Nearly 40 percent of the Russell 3000 assigns general ESG responsibilities to the board or a board committee. While committee responsibilities should vary by company, a potential red flag is that 68 percent of those firms have assigned general ESG responsibilities to the nominating and governance committee, and only 11 percent to the full board. Indeed, responsibility for climate is most often assigned to the nominating committee. It may not have the experience to oversee this area or to even to add strategic value to the discussion.

A fourth area for investor focus is how directors engage with investors and other stakeholders to gain fresh insights and supplement information from management. Boards rightfully rely mostly on management to learn how the company is integrating ESG into the company’s business strategy and operations, as well as addressing the expectations and interests of stakeholders.

At the same time, there is no substitute for first-hand exposure. Slightly over half of S&P 500 firms disclose that their directors have direct conversations with shareholders. More boards, especially at smaller firms, could benefit from the practice. Similarly, discussions between board members and employees can motivate both parties. Investors should be alert to boards that seem to operate in a bubble.

Finally, investors should look for boards to evaluate the company’s, senior management’s, and their own performance in ESG as an integral part of their annual review processes. Those reviews should also be aligned: If the transition to renewable energy, for example, is a key strategic focus, then investors should look at how it shows up at the company, management, and board levels.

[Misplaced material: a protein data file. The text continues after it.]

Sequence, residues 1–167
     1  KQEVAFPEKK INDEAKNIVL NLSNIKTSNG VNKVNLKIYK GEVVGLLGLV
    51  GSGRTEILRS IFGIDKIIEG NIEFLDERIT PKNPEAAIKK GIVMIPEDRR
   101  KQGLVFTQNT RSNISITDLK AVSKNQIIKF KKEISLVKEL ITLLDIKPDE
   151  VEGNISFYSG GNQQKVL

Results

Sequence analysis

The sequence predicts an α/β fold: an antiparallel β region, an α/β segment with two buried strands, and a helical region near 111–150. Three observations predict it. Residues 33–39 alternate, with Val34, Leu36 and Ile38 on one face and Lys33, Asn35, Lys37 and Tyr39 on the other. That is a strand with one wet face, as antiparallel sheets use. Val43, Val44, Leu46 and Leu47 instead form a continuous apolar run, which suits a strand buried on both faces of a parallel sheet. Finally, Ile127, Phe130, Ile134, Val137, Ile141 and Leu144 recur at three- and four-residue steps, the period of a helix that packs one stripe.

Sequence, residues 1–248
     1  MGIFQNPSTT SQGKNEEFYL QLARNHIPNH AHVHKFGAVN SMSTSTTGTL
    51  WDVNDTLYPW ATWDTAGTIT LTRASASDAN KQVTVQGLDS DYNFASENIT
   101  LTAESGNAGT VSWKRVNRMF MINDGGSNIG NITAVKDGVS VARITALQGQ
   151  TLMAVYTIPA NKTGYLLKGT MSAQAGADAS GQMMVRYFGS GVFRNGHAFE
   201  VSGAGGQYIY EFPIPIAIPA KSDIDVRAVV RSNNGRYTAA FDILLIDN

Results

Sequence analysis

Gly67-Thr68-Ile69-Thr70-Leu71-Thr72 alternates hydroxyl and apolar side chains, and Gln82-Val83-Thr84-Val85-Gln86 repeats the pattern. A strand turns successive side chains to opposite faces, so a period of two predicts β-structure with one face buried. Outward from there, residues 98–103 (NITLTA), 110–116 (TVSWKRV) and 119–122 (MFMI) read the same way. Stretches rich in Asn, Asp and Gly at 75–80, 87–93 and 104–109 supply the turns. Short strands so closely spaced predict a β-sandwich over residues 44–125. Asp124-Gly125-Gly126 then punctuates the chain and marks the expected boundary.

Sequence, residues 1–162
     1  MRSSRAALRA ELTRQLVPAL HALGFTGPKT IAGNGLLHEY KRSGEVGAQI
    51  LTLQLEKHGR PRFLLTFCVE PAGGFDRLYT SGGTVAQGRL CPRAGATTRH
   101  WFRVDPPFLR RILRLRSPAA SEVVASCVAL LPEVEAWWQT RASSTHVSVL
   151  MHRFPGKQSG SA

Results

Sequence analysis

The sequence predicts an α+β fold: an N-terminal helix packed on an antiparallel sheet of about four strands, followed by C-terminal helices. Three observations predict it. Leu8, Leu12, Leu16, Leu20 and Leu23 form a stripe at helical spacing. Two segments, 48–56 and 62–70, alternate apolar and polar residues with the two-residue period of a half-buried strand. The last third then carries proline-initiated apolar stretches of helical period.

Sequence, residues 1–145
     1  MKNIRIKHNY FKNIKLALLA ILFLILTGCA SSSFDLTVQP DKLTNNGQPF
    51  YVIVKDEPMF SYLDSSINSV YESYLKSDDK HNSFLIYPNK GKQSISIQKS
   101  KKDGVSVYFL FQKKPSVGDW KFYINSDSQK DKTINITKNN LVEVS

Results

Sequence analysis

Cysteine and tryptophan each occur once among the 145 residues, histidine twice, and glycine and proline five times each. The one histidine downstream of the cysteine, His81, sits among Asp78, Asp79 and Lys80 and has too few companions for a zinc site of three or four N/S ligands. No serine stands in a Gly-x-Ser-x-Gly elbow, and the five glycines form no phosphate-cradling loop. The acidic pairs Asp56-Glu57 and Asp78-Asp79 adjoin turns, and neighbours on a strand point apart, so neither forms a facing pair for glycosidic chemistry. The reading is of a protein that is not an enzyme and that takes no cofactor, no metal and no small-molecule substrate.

Yellow, if not red, flags: When the board’s review of management’s ESG performance focuses on just a couple of metrics in executive compensation, or when the board’s annual self-evaluation process does not lead to changes over time. This is a highly dynamic business environment, so investors should expect and welcome an evolution in the board’s governance practices over time.

Even as the bar is being raised for boards, this new era does not fundamentally change the line between the roles of the board and management. Yet it does require boards to actively engage in setting the company’s course during an era of profound business transformation—and to do so in a way that optimizes sustained shareholder value and takes into account the impact on stakeholders, society at large, and the natural environment. For their part, investors should evaluate board composition, capabilities, and governance on a case-by-case basis with an eye toward assessing whether the company’s board has what it takes to serve this vital role.

This article was first published on the Barron’s website.



President and CEO
Society for Corporate Governance
The Conference Board ESG Center